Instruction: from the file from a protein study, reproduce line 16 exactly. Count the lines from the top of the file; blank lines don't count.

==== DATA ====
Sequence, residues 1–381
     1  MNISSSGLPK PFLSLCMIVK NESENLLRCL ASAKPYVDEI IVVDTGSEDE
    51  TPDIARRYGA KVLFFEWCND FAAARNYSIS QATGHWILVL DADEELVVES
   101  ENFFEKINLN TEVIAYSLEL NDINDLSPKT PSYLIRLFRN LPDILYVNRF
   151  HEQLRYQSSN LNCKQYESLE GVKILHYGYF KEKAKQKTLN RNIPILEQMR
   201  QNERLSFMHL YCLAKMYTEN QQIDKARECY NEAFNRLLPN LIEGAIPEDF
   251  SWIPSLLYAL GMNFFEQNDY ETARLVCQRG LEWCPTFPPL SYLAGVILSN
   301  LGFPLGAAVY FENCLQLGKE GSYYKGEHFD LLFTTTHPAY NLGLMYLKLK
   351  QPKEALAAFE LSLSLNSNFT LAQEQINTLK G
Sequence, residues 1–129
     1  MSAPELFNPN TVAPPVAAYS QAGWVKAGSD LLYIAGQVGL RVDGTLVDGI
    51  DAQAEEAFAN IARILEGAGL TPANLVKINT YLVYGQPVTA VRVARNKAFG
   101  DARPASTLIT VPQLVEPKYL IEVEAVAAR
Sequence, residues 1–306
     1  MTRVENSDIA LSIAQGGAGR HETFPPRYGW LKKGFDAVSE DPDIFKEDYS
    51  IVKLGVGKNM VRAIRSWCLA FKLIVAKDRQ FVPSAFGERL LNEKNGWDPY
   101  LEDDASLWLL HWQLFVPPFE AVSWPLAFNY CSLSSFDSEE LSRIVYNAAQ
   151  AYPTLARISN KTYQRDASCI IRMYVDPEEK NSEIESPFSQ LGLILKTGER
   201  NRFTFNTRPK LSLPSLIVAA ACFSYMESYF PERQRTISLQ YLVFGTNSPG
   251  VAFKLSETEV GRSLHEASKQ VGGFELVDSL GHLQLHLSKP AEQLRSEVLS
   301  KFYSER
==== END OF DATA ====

    51  IVKLGVGKNM VRAIRSWCLA FKLIVAKDRQ FVPSAFGERL LNEKNGWDPY